Mediation Privilege Bars Evidence From Mediator Unless Parties Specifically Agree

Discussions that occur in mediation are confidential and cannot be introduced into evidence in later proceedings. And when it comes to the mediator, such testimony cannot be compelled “unless all parties to the mediation expressly agree . . . .” (Cal. Evidence Code section 703.5; see also, Evidence Code section 1119.)

In Radford v. Shehorn, Justice Arthur Gilbert of the Second District Court of Appeal offered a pithy discussion of mediator confidentially and the exclusion from evidence of mediator testimony: 

“Mediators facilitate settlement of legal disputes.  They use a variety of techniques to achieve that goal which include listening, enlightening, suggesting, empathizing and, sometimes, cajoling.  But once the mediation is concluded, the mediator may not offer clarification concerning the mediation or a disputed settlement unless the parties agree otherwise.  Like an actor whose concluding scene occurs in Act 2, the mediator may not reenter the stage to play a part in Act 3.”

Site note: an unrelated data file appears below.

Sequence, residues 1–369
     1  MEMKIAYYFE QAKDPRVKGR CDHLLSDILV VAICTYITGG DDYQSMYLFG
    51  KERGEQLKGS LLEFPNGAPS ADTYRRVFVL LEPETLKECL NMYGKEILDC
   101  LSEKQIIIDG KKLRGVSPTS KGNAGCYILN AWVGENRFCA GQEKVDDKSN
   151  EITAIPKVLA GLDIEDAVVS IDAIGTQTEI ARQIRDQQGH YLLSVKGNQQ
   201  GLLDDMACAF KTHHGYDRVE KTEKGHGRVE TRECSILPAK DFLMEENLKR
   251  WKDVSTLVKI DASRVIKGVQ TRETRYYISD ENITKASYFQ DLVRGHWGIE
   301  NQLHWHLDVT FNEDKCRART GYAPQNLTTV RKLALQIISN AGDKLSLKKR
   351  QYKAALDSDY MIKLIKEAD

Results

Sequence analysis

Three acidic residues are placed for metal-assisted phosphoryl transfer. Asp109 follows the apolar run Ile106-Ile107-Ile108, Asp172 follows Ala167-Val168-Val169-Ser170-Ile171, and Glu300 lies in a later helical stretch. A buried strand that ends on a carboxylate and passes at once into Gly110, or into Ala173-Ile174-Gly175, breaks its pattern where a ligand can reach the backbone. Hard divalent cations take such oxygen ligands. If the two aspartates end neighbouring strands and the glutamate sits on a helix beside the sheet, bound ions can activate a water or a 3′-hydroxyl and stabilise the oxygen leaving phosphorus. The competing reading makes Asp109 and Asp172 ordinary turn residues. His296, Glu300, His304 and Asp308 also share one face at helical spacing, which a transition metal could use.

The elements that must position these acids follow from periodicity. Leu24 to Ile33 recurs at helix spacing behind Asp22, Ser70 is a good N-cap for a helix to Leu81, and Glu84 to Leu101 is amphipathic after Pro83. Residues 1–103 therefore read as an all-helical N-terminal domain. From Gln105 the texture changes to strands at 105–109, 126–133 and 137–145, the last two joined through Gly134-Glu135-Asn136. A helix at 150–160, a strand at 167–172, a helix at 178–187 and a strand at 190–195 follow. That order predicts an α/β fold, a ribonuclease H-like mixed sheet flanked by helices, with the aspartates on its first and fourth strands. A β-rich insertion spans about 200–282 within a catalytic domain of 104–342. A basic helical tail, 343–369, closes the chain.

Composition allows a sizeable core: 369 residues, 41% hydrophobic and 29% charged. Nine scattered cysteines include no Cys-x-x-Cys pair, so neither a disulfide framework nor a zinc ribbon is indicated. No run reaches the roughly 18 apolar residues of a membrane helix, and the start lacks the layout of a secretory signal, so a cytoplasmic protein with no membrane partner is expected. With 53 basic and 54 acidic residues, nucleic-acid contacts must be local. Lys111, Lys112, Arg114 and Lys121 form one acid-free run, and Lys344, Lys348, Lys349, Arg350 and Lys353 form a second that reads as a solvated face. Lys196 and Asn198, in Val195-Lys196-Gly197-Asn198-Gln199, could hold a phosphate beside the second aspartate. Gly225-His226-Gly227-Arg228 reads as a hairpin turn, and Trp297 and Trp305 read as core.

For your convenience, a complete copy of this court ruling is attached.

We regularly advise clients about arbitration, mediation and other ADR issues.  Feel free to give us a call if you have questions or issues in this area.

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